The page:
If you are just looking for some quick information on German soldiers and French civilians in the war of 1870–71, see an older post on this blog, “Atrocities in the Franco-Prussian War, 1870–71.” Otherwise, please read on.
I decided to upload my MA thesis to Google Docs to make this information available to the general public. The file is huge, 34.9 MB, because I had to scan the original some time ago, having produced it on my 1987 Mac in 1994 and not having electronic copies of the illustrations or a way to make the pagination of the text come out the same as the original on my old ImageWriter. I tried to reduce its size with the usually magical PDF Shrink, but the result looked awful in this case.
Before I get to the thesis, though, let me list two relevant articles I wrote, which are better, in case that is what you are after. This might seem like a silly, self-agrandizing exercise to some, but since this blog frequently get hits from people using search engines like Google to learn about this war, I think getting this information together in one post could be helpful.
First, there is “The Bavarian Army and French Civilians in the War of 1870–1871: A Cultural Interpretation,” War in History 8.3 (2001): 271–93. (Reprinted in Warfare in Europe 1825–1914. Edited by Peter Wilson. The International Library of Essays on Military History, ed. Jeremy Black. Ashgate Publishing, 2006. 135–58.) Here’s the abstract. The advantage to this article is it is all in English, and it integrates my earlier findings into the total war debate discussed at a productive series of conferences launched in 1992 by the German Historical Institute in Washington, DC. (See the titles that contain “total war” on this page, but ignore the links, which don’t seem to work outside the institute.) In terms of the actual subject, it devotes quite a bit of space to a close-up view of Bazeilles.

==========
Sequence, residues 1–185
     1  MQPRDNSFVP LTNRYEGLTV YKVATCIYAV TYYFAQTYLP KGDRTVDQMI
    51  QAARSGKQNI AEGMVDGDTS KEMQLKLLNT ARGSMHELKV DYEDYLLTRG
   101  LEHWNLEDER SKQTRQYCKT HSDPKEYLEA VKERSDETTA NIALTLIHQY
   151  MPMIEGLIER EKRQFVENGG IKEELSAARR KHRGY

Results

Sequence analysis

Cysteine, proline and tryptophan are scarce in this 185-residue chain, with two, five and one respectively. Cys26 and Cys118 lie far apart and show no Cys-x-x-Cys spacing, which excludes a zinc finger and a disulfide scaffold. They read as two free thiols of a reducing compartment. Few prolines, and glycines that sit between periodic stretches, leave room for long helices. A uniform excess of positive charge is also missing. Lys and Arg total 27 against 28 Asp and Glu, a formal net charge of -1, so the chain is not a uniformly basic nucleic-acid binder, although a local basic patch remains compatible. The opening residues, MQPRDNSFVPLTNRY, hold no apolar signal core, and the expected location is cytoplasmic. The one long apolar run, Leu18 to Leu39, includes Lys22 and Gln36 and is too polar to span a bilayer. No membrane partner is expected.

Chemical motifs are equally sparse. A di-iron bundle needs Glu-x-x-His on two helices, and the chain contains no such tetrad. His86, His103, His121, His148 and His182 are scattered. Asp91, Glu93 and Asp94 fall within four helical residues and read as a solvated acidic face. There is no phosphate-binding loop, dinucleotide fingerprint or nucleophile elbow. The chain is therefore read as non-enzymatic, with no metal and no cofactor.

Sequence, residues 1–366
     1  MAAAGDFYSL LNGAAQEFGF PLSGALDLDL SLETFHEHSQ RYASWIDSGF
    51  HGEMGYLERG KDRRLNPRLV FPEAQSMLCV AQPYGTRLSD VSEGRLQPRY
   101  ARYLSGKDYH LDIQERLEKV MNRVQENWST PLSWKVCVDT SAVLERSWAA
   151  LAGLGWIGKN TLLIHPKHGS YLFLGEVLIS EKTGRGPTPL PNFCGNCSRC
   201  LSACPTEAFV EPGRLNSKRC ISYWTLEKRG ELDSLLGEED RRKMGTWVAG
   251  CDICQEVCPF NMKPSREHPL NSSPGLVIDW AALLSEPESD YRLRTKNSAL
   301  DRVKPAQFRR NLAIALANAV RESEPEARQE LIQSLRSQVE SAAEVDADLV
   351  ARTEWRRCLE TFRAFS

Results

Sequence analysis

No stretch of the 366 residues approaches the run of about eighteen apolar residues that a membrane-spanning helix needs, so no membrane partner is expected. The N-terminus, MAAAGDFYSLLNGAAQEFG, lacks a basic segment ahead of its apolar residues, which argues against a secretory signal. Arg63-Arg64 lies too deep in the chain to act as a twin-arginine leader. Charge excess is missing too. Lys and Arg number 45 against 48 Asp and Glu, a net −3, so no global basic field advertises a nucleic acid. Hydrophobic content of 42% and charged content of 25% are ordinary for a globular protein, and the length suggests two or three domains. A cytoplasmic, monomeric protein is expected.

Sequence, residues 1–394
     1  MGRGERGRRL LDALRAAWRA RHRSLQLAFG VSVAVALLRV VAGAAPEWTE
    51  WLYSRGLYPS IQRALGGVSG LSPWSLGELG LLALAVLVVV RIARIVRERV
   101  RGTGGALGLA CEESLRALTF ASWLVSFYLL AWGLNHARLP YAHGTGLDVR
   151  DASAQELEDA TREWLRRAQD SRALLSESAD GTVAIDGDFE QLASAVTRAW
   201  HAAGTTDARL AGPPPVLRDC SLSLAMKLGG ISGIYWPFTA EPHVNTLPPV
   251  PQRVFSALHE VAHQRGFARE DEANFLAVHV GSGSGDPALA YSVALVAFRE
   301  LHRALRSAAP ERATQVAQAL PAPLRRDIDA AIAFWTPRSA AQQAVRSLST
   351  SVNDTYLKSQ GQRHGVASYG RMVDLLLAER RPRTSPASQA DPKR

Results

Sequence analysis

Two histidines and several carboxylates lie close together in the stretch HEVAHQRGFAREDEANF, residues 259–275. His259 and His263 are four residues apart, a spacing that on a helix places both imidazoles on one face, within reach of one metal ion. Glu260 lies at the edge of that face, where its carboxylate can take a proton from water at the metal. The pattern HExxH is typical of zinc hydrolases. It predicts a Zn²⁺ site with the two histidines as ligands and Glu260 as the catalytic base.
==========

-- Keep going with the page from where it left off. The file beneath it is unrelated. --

The other article I wrote on this topic is “Die deutschen Greueltaten im Krieg 1870/71 am Beispiel der Bayern,” in Kriegsgreuel: Die Entgrenzung der Gewalt in kriegerischen Konflikten vom Mittelalter bis ins 20. Jahrhundert, ed. Sönke Neitzel and Daniel Hohrath (Paderborn: Ferdinand Schöningh, 2008), 223–39. If you don’t read German, I’m sorry. Check out the link at the end of this paragraph and then move to the next one. If you do read German, this article lets you see the original language of the sources, instead of making you read my translations. It is also in an interesting edited collection on atrocities. The big difference between this and the article in English is that I do not spend much time on Bazeilles here, instead devoting much more attention to other interactions with civilians, both positive and negative. Also, I had to try to frame it in a way that fit the volume’s overall concept. For more information, see an older post on this blog, “Atrocities in the Franco-Prussian War, 1870-71,” which summarizes the highlights.
Personally, I think my articles on the Franco-Prussian War are much more readable than my old master’s thesis, and their arguments are certainly more mature, not least because they engage more recent historiography. Still, I own the copyright to this thesis, but not my articles, so why not share? Here: “The Bavarian Army and French Civilians in the War of 1870–71.” M.A. thesis, Universität Augsburg, 1994. One oddity: It is written in English, but all the quotes are in the language in which I found them, usually German. That will irritate some, but it will possibly help anyone who wants to see the original German quotes that I translated into English for the War in History piece.